Chuunibyou was popular enough to warrant a continuation, but continuing a series that focuses on romance is always difficult. From Da Capo to Clannad, second seasons have often struggled to find a way to continue while keeping up dramatic tension when a series has really revolved around which girl a central male character will get with.
Comparatively, it was more obvious who Yuuta would end up with in the original series, but where Chuunibyou could go after its central couple got together was a tricky point, one explored through these twelve episodes. And personally, though Chuunibyou Ren was still pleasant to watch and likeable, I can’t think of many ways the series could have continued its love story that I would have found more tedious.
There’s psychoanalysis to be done with this, to be sure – about the otaku culture’s love for the pure, unadulterated female character, who wants to be in a romance but finds it all too embarrassing and hides away like a frightened mouse or, y’know, a twelve-year-old girl who despite her canonical age she rather resembles in how she’s drawn. The series begins to revolve around how despite having been in a relationship for months, Yuuta and Rikka haven’t so much as held hands. She’s too bashful to kiss, and right at the end of the series they build up to her kissing Yuuta on the cheek. Sure, it’s all very adorable, except that I don’t see it in terms of Rikka’s interesting character and neuroses as an individual, but rather in terms of the male audience, the ‘male gaze’ as Tumblr types would put it, and that Rikka isn’t behaving this way because yes, there are girls that averse to intimacy and it’s interesting to consider it, but because (a) the romance story will otherwise lose momentum, and (b) anime has inherited from aidoru / wota culture absurd ideas of purity and innocence. It all feels to me like a desire for an easily-controlled girlfriend with no prior, threatening sexual experience, and rather makes me long for another anime like REC. There’s coy, and then there’s annoying – and it all takes me out of the story to think about the audience this targets.
Aside from this rather strained central relationship, spiced up with the addition of a bland rival in love, childhood admirer Satone, who fancies herself a magical girl and calls Yuuta ‘Yuusha’, meaning ‘hero’. Conceptually this works as a foil but she never really develops an interesting enough relationship with another character to fit into the fold.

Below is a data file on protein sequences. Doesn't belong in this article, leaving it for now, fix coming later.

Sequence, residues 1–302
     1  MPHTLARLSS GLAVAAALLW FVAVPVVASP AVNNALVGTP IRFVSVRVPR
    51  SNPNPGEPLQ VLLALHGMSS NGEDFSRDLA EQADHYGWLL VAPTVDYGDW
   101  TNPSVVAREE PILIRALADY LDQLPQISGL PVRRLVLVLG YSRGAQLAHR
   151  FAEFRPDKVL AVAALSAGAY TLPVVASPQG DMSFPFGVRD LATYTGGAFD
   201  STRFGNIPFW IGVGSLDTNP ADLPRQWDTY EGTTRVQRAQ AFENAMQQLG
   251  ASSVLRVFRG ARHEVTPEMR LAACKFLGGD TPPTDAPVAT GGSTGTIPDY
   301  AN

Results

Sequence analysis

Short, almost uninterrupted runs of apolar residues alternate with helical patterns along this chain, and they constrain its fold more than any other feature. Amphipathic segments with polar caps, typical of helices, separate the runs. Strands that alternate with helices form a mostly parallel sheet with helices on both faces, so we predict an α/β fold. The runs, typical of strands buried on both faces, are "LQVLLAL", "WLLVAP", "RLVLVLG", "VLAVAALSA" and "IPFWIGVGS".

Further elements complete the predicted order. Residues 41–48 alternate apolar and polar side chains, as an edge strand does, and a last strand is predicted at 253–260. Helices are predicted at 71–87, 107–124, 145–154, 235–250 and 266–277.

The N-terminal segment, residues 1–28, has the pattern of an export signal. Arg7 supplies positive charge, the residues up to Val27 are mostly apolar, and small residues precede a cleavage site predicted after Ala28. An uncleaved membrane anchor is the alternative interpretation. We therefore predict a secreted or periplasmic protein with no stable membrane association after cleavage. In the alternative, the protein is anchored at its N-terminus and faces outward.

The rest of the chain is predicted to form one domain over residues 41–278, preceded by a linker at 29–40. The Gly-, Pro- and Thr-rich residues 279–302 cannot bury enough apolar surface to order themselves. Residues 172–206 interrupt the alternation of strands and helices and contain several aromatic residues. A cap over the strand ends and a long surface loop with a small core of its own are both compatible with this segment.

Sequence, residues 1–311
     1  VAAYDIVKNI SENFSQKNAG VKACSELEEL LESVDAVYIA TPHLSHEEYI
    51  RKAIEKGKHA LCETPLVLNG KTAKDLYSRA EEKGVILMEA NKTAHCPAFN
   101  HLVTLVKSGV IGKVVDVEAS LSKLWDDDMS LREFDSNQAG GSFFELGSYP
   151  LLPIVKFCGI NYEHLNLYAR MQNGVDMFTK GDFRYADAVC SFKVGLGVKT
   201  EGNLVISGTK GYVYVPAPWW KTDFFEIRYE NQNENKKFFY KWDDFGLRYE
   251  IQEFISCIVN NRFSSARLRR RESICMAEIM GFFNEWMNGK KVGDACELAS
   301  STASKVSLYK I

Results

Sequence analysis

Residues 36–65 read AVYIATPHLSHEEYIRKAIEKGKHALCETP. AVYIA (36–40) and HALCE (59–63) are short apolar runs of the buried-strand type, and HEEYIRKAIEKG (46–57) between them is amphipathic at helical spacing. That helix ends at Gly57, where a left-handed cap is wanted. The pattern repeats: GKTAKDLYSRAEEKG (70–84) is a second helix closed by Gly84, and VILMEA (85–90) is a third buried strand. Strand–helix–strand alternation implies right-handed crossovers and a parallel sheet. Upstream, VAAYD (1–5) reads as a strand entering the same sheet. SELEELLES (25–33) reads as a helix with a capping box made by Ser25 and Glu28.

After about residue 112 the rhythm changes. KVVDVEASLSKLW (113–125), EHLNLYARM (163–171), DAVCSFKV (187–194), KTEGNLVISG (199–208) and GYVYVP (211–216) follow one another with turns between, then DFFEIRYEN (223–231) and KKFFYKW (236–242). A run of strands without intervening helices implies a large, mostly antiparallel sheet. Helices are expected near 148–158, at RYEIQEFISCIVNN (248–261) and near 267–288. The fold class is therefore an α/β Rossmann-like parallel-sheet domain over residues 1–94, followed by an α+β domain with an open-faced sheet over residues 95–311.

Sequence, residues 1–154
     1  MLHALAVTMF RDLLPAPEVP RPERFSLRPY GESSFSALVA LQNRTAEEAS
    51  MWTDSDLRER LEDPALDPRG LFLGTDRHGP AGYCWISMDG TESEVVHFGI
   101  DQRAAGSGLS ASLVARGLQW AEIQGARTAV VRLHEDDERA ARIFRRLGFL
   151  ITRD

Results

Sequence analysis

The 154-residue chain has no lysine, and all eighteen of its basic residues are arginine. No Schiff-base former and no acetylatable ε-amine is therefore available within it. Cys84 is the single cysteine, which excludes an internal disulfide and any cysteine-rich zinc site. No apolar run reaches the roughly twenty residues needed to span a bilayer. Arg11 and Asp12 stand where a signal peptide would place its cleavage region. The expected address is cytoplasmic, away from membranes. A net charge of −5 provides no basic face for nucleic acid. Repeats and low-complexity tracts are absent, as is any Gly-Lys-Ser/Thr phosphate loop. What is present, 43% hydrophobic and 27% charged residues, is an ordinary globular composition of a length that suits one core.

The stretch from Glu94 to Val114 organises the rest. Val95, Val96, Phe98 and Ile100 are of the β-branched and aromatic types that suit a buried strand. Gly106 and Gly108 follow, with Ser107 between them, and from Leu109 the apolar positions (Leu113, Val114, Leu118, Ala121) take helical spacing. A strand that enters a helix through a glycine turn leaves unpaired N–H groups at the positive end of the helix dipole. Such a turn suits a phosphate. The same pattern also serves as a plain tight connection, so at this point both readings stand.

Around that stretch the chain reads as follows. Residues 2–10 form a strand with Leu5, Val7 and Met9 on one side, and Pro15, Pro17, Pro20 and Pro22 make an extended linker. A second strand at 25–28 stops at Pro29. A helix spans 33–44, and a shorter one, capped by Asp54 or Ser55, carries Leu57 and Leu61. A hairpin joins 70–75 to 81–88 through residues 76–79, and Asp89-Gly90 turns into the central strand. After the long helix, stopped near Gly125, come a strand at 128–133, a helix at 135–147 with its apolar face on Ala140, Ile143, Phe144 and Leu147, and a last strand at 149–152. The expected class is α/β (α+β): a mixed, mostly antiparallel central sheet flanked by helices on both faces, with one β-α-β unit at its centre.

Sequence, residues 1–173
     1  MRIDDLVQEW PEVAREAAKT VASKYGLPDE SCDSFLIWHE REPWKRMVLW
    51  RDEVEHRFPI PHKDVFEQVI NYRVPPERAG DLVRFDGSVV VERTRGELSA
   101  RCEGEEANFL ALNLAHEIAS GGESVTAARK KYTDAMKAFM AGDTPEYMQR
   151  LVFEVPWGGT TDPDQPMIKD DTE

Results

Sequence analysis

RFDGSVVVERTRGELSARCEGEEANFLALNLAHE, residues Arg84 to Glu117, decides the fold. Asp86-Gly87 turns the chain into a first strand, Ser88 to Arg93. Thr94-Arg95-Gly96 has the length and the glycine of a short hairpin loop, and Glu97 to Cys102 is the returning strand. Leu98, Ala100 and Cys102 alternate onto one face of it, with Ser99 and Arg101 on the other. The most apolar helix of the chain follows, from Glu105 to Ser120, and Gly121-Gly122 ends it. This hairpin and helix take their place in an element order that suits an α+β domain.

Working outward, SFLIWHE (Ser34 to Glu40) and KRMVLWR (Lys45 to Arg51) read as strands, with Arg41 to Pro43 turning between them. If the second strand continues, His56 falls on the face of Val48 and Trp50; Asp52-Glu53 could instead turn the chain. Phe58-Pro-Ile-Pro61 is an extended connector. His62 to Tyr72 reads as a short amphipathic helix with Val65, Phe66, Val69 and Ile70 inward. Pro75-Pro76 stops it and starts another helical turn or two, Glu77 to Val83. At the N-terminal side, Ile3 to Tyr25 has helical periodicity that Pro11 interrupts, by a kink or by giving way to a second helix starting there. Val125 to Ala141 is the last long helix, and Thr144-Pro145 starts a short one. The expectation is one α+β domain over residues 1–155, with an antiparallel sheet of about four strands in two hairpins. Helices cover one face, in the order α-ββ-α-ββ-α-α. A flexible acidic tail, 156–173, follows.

What is really good about the series, bizarrely enough, is its padding. Several episodes are devoted to the minor characters, and in particular episodes about the rivalry / affection / sexual tension between Dekomori and Mori Summer. These are rich and amusing enough characters that, crucially, seeing them out of character is very entertaining. The girl whose personality is defined by sleepiness and the hapless boy courting her lose what charm they had in the first season, though, and come over as very tiresome.
The times that the characters’ delusions are represented on-screen remain very entertaining parts. Visually they are great fun and the ridiculous, huge weapons remain very funny. That the new girl Satone brings more opportunities for this, as well as jokey transformation sequences (in the Lite omake animations), which is one reason to be somewhat pleased she exists. As usual, KyoAni provide some excellent animation and pretty art, and the shots of the characters rotating in the intro are technically pretty impressive.
There’s a lot going for Chuunibyou and I actually wanted this second part to be good. The trouble is that the romance part makes the whole thing seem stagnant, though, so all the well-done peripheral parts feel like without something solid to lean on, they only fall down. KyoAni seem to need to learn that sometimes, one season is just the right amount. Just look at K-On!...and Haruhi...and, though this is only a premonition, most likely Free as well.